Early last week we heard all the hype: “Watch out! Blizzard Nemo is coming!” Naturally, many of us were skeptical. How many times in our lives have snowstorms been predicted only to result in about as much snow as they get in Miami? Usually, the weather forecast starts with a high amount of total accumulation and then it tapers off as the snow storm gets closer and closer. The scenario goes like this: [Storm is on Friday] Monday: “we’re going to get between 5-8 inches on Friday.” Wednesday: “we’re going to receive between 1-3 inches on Friday” Friday: “it’s going to be 50 degrees outside today.” In my 22 years, I’ve come to learn that weathermen, or “meteorologists” for you bougie folk out there, are about as reliable as Alex Rodriguez in the clutch. (Side note: did you know that there is actually a meteorology major in college? In other news, I’ve switched my major from accounting to alchemy). So when the Weather Channel said we were going to get hit with a lot of snow, I was skeptical. But then something happened. The usual scenario didn’t play out. Instead, it went something like this: Monday: “Boston will be hit by 10 to 15 inches of snow.” Wednesday: “Boston will be hit with 18-24 inches of snow.” Friday: “Find your loved ones and pray to whatever God you believe in, we’re so done.” And so done we were.
In total, we received 22 inches, giving BC students its first snow day since ‘Nam. The MBTA closed down, businesses shut down, and cars were not allowed on the road. Boston came to a standstill. And how did BC students respond to such adversity? By getting hammered and going sledding. Friday night and all day Saturday, one could look out on the Heights and Brighton campus and see people sliding down hills in sleds, garbage bags, cardboard, and, for those guys who thought they were cool and impressing the ladies (spoiler: you weren’t), skis. But campus was alive, even though Boston was not. It was our winter wonderland. Many of us got to experience something we haven’t done in years: going sledding. Echoes of joyous yelps were heard throughout the Brighton campus, as excited (probably intoxicated) students were riding down hills and experiencing a joy they haven’t felt since Hey Arnold! was on the air. Nemo might have dealt the city a powerful blow, but it brought this campus a joy many of us were longing for.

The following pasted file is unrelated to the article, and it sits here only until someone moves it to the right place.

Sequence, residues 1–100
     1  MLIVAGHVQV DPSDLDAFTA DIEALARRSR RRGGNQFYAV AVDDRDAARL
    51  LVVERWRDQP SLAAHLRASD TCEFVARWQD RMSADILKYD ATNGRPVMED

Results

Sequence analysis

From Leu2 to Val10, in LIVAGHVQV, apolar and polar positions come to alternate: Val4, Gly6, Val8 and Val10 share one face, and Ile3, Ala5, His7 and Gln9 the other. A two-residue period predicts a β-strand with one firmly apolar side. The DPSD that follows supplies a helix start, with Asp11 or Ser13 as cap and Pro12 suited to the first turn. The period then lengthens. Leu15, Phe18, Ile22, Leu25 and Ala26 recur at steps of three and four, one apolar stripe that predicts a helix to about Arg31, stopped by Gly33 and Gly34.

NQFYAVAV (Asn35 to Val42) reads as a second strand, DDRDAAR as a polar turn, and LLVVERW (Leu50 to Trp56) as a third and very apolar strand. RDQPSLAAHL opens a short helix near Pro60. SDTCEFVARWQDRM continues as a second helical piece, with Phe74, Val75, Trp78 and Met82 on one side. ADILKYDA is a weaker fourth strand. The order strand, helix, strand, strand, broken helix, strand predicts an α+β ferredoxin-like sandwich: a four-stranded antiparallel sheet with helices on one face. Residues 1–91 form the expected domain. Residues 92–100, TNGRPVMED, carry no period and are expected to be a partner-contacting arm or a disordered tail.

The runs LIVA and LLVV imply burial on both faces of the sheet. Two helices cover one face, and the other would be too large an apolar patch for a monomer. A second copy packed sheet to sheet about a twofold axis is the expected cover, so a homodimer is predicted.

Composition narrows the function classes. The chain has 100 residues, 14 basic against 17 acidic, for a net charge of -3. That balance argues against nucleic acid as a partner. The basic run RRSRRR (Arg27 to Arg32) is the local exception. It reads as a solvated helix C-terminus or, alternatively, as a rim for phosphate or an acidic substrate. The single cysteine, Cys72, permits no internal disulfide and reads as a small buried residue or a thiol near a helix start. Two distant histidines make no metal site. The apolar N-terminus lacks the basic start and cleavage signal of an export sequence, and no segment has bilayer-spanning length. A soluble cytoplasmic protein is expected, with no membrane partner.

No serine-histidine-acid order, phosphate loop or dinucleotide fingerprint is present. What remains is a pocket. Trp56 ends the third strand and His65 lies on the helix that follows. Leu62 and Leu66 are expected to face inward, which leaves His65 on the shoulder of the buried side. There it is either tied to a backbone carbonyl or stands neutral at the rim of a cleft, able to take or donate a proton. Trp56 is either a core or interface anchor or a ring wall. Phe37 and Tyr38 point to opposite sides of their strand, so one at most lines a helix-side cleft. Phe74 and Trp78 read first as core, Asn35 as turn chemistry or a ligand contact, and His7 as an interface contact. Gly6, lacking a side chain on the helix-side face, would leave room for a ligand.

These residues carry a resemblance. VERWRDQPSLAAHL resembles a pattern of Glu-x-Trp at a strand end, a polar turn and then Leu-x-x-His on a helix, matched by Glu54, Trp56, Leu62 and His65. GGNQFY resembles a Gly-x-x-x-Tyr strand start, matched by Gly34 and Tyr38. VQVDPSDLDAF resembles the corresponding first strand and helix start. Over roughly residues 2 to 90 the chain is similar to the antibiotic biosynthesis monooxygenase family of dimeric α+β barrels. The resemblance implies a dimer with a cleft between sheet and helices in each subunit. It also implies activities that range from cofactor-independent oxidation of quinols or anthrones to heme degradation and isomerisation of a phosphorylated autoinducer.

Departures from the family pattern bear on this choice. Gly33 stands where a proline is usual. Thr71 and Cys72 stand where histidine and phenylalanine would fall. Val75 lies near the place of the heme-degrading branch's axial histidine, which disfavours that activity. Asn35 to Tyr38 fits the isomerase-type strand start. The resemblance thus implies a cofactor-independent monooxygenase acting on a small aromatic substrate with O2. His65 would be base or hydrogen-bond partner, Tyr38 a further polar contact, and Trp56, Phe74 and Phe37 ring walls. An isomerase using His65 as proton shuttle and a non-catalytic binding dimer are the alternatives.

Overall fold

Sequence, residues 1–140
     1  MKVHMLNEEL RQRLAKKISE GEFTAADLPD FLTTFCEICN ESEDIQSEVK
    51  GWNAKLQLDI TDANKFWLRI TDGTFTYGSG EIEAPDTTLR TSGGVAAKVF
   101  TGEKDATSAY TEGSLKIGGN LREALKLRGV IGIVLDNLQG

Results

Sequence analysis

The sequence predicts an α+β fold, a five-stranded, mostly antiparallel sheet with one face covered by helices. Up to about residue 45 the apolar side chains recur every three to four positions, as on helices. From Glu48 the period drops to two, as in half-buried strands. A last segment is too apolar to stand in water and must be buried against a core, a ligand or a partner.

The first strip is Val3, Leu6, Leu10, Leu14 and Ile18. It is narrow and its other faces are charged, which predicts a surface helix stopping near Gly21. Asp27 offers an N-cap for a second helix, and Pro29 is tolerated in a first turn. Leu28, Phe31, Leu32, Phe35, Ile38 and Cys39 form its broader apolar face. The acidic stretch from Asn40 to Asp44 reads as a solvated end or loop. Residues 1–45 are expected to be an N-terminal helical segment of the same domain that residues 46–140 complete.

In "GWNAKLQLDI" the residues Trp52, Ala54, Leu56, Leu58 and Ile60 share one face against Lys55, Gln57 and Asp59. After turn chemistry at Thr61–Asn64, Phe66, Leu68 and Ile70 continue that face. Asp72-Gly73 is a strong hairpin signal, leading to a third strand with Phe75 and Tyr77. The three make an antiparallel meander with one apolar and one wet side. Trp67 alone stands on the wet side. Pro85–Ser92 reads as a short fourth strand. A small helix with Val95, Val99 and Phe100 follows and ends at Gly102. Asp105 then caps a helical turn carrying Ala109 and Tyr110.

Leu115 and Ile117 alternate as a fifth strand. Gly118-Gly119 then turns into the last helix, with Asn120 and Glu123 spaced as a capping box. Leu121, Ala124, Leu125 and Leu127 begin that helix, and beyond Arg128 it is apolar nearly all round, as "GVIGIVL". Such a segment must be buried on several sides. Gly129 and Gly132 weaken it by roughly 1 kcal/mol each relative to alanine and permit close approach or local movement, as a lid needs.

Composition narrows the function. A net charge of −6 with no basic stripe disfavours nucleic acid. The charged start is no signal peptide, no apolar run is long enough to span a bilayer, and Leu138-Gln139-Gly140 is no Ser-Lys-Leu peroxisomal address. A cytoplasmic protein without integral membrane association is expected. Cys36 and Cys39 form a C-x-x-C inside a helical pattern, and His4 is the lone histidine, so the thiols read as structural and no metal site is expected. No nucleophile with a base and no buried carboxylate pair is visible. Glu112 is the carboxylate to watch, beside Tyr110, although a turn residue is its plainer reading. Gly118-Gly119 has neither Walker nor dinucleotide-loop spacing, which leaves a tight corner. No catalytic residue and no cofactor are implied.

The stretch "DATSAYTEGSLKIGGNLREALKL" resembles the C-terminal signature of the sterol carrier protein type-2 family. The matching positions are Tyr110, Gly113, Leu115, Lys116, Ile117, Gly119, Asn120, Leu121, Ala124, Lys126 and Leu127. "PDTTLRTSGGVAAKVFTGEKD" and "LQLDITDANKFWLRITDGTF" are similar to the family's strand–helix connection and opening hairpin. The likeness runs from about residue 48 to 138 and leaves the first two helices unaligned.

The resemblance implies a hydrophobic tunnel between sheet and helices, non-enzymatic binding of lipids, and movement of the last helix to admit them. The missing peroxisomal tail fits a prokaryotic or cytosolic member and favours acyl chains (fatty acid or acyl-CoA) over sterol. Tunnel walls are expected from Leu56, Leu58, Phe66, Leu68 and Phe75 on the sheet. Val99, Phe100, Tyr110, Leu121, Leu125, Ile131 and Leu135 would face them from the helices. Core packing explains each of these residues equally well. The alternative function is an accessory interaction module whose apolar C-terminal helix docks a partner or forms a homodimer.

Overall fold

Before I conclude this article, I would like to extend my gratitude to the workers of Mac and Lower. These people were here during one of the biggest blizzards in Boston history to serve us food. Who know where they slept? Who knows if and how they got home, but without then, many of us would not have had food. I would like to thank them for their sacrifice and hope BC compensates you generously for what you have done.